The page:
Article courtesy of AsiaOne:
COMMUTERS who cheat on bus and taxi fares could end up behind bars under proposed legislation to stamp out a problem that has dogged Singaporean transport operators for years.
Bus companies, for example, lose an estimated $9 million a year to fare cheats.
The penalties aimed at protecting bus firms and cabbies against cheats are similar to those provided by the Rapid Transit Systems Act for rail operators.
Typically, a dishonest commuter taps his ez-link card on the exit reader well before his intended stop. This way, he is charged a lower fare.
Under proposed amendments to the Public Transport Council Act introduced in Parliament yesterday, bus commuters found by council-appointed inspectors to have paid incorrect fares will face a penalty charge.
Those who fail to pay this yet-to-be-determined charge face fines of up to $1,000. Repeat offenders face up to $2,000 in fines and risk a jail term of up to six months.
SBS Transit spokesman Tammy Tan said: 'The proposed changes take into account the fact that our drivers get cheated, whether intentionally or not. While the majority of our customers do not cheat, there is a small proportion who do, and they are penalising those who pay the full fare.'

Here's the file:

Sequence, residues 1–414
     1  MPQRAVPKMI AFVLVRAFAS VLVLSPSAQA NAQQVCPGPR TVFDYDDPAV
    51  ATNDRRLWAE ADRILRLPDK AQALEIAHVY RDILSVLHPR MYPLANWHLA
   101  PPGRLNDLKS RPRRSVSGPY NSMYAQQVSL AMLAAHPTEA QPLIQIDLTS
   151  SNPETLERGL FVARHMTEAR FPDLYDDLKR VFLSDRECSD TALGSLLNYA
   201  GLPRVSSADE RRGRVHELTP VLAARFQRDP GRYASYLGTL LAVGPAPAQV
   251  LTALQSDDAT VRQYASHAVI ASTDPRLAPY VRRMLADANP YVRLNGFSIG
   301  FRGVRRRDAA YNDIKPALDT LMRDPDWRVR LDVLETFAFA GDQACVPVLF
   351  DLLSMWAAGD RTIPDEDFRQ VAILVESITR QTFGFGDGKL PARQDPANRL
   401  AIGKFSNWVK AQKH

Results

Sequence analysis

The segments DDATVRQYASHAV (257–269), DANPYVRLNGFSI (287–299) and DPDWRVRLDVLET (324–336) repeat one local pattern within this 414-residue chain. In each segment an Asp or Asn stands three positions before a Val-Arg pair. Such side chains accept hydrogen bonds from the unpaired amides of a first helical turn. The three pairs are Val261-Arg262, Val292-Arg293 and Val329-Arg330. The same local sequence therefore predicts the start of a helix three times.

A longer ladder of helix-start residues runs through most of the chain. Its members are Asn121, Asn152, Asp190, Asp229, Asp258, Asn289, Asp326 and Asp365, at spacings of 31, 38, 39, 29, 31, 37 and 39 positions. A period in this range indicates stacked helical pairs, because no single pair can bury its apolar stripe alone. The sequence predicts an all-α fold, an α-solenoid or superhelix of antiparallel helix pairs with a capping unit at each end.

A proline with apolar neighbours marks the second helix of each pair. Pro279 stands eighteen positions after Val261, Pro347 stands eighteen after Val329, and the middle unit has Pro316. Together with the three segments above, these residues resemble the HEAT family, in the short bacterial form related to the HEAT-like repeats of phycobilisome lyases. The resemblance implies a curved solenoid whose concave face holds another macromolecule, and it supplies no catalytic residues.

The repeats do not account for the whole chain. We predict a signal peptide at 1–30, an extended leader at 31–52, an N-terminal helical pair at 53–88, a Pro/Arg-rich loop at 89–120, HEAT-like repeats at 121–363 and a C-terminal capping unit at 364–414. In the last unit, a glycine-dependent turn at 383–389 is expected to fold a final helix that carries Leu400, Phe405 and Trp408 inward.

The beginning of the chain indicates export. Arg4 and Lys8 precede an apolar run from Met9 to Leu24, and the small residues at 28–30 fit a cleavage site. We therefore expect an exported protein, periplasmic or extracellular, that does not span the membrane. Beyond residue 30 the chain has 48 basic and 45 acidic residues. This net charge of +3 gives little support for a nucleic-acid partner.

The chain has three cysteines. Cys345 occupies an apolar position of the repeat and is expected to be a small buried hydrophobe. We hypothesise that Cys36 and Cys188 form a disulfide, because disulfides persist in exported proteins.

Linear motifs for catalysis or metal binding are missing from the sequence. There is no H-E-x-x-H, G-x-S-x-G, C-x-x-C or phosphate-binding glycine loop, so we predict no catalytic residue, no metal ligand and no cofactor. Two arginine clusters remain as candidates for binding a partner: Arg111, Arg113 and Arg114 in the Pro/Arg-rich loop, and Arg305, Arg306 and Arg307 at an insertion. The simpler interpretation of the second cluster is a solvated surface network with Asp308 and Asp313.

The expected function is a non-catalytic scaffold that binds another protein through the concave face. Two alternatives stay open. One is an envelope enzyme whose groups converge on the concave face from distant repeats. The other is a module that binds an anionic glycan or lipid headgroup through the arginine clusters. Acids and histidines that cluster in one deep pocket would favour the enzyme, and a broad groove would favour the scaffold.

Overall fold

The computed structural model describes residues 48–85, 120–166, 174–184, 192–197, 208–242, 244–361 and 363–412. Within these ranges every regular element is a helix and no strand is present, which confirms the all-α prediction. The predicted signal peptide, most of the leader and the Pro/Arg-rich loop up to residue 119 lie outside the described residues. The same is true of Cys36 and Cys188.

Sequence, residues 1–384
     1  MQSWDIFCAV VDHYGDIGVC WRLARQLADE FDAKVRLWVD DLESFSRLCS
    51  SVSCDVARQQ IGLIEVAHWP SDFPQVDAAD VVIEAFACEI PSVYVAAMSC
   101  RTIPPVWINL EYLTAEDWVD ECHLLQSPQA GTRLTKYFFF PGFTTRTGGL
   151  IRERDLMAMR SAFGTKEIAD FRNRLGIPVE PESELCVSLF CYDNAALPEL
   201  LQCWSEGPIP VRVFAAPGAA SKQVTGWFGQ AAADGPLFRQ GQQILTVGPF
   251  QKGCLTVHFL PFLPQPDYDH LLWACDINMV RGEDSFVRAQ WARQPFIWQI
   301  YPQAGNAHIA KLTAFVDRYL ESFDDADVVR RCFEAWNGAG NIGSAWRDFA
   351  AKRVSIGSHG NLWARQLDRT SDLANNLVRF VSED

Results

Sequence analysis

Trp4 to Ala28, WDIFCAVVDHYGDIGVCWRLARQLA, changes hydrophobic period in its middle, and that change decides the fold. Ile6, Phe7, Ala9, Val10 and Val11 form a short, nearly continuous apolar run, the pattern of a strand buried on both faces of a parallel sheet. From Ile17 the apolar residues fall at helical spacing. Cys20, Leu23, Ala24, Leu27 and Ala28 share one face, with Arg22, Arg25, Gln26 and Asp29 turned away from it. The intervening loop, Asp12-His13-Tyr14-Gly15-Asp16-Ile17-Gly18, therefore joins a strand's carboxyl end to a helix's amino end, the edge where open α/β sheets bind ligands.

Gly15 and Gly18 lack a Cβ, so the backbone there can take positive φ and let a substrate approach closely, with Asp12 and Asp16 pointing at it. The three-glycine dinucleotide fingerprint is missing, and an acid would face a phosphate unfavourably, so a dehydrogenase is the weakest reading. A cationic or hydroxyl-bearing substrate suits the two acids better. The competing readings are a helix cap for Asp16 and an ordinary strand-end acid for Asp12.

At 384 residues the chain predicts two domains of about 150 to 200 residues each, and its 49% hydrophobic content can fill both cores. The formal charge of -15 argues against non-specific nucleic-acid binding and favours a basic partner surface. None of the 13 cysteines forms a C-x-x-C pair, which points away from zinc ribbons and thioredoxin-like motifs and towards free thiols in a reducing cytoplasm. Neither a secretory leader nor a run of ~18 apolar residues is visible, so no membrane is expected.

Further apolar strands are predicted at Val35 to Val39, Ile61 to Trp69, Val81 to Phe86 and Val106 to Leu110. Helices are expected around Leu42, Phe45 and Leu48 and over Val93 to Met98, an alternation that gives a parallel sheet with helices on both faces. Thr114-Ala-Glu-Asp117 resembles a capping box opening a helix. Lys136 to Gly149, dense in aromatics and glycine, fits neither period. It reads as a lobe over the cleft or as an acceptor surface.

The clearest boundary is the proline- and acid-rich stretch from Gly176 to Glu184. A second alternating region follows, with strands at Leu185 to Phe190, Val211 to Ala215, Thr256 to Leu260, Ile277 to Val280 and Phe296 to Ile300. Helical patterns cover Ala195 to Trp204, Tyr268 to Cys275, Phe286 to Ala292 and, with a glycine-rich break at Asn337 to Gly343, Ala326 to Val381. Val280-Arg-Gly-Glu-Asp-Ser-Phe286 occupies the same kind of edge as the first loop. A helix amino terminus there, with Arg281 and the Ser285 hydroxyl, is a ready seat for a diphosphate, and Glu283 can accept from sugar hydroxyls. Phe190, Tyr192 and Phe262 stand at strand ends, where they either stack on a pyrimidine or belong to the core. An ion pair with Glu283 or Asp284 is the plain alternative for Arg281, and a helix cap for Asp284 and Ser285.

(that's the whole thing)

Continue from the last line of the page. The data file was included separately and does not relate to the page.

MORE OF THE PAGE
Currently, those caught underpaying bus fares will only be required to make up the difference, said Ms Tan, who hopes the proposed changes 'will deter incidences of fare misuse'.
Those who cheat cabbies will be dealt with more swiftly.
They immediately face a fine of $1,000 for the first offence, and $2,000 or a jail term of up to six months for subsequent offences.
'The new section 24D criminalises the failure to pay taxi fares,' says an explanatory note accompanying the proposed legislation.
According to ComfortDelGro, which controls 77 per cent of Singapore's 22,000 taxis, its cabbies face more than 40 cases of non-payment a month.
Veteran cabby C K Chan, 53, said he feels powerless when a fare does not pay. 'I think some of these people know that we can't do anything to them. This new law should make things better.'
Other proposed amendments include a five-year operator licence for bus companies.
Currently, bus operators apply for annual route licences. The extra requirement is expected to give the Public Transport Council more teeth to enforce service standards.